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Void Balaur Hackers-for-Hire Targeting Russian Businesses and Politics Entities

Void Balaur Hackers-for-Hire Targeting Russian Businesses and Politics Entities

September 23, 2022Ravie Lakshmanan
A hack-for-hire group that was  first exposed in 2019  has expanded its focus to set its sights on entities with business or political ties to Russia. Dubbed Void Balaur , the cyber mercenary collective has a history of launching cyberattacks against biotechnology and telecom companies since 2015. As many as 3,500 victims have been reported as of November 2021. "Void Balaur [...] primarily dabbles in cyber espionage and data theft, selling the stolen information to anyone willing to pay," Trend Micro  noted  at the time. Attacks conducted by the group are typically both generic and opportunistic and are aimed at gaining unauthorized access to widely-used email services, social media, messaging, and corporate accounts. Earlier this June, Google's Threat Analysis Group (TAG) took the wraps off a set of  credential theft attacks  targeting journalists, European politicians, and non-profit's mounted by the threat actor. "Void Balaur also goes after targets va
Researchers Uncover Hacker-for-Hire Group That's Active Since 2015

Researchers Uncover Hacker-for-Hire Group That's Active Since 2015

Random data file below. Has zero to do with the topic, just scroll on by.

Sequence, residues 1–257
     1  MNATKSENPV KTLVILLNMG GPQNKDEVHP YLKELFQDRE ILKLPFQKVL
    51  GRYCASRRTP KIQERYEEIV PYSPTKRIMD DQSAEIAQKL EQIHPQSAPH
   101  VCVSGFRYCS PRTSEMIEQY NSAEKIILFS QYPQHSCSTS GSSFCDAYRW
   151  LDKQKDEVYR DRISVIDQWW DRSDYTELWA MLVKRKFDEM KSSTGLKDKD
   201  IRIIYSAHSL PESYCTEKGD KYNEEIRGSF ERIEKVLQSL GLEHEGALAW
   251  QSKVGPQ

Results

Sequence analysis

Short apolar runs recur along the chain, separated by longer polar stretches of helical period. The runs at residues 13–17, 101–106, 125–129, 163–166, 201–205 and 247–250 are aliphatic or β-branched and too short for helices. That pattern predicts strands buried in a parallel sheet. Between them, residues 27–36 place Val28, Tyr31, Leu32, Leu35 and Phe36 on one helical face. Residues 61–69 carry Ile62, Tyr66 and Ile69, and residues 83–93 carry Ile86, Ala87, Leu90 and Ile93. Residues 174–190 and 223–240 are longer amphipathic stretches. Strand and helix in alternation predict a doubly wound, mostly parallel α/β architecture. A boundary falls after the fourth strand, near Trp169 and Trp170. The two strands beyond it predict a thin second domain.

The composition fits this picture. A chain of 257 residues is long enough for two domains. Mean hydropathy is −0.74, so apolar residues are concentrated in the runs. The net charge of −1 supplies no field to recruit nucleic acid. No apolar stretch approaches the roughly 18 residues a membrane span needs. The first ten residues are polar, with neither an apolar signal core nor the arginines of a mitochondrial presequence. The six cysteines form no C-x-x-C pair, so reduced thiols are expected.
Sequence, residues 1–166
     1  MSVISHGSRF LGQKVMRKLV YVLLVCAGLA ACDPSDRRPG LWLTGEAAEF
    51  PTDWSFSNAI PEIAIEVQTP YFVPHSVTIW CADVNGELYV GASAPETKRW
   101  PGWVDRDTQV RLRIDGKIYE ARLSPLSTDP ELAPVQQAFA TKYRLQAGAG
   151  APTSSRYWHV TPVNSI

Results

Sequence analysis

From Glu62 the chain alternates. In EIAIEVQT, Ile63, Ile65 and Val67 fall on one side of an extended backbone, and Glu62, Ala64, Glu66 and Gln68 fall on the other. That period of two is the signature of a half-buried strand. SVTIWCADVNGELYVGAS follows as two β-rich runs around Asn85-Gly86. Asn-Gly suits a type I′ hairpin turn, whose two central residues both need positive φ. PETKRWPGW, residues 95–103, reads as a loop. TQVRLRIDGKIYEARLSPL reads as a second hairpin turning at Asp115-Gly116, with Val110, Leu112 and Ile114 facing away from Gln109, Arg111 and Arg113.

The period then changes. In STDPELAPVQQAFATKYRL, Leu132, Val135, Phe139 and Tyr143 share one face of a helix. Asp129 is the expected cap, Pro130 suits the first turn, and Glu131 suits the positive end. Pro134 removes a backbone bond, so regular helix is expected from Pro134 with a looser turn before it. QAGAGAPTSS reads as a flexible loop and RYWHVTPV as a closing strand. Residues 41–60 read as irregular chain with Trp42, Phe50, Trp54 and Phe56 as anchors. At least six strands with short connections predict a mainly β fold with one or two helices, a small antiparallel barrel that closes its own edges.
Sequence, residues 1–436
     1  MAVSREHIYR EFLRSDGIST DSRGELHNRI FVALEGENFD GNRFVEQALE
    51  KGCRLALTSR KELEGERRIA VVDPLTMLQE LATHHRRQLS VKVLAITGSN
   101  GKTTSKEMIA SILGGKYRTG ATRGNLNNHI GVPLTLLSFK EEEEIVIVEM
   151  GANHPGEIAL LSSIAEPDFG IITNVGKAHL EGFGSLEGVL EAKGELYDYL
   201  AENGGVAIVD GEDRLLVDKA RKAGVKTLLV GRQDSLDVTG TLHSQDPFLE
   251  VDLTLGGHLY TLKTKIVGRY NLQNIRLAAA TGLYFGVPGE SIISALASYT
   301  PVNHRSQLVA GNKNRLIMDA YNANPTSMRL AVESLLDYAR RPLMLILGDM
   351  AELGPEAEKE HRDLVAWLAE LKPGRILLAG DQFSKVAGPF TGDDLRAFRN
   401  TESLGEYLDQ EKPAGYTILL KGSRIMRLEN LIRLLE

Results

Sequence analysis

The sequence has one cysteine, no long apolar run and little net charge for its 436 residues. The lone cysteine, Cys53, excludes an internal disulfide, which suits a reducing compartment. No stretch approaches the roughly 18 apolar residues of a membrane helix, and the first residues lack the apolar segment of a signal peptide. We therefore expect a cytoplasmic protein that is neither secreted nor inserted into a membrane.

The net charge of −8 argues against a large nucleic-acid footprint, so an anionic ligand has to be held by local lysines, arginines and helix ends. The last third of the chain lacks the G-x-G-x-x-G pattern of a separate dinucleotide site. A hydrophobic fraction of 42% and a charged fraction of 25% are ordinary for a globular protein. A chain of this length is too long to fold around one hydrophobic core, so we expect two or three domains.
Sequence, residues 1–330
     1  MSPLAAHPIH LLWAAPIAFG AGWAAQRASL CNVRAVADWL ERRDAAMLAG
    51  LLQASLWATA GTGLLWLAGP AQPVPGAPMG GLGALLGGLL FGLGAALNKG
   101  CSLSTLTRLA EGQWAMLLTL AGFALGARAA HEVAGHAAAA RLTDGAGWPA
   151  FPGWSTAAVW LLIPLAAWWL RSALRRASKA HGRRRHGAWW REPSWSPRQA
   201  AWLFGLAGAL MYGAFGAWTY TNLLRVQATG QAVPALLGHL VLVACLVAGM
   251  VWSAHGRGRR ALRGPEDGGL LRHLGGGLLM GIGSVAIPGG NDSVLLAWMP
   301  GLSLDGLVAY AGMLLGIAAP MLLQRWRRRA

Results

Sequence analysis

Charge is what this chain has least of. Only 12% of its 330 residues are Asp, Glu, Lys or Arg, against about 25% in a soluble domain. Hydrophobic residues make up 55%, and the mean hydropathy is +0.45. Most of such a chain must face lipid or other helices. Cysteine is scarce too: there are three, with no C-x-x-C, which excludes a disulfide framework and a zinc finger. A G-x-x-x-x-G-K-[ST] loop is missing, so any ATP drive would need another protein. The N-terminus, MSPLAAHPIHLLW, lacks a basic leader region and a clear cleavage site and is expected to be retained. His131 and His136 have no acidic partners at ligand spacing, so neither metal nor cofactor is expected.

November 11, 2021Ravie Lakshmanan
A new cyber mercenary hacker-for-hire group dubbed " Void Balaur " has been linked to a string of cyberespionage and data theft activities targeting thousands of entities as well as human rights activists, politicians, and government officials around the world at least since 2015 for financial gain while lurking in the shadows. Named after a  many-headed dragon  from Romanian folklore, the adversary has been unmasked advertising its services in Russian-speaking underground forums dating all the way back to 2017 and selling troves of sensitive information such as cell tower phone logs, passenger flight records, credit reports, banking data, SMS messages, and passport details. The threat actor calls itself "Rockethack." "This hacker-for-hire group does not operate out of a physical building, nor does it have a shiny prospectus that describes its services," Trend Micro researcher Feike Hacquebord  said  in a newly published profile of the collective. &qu
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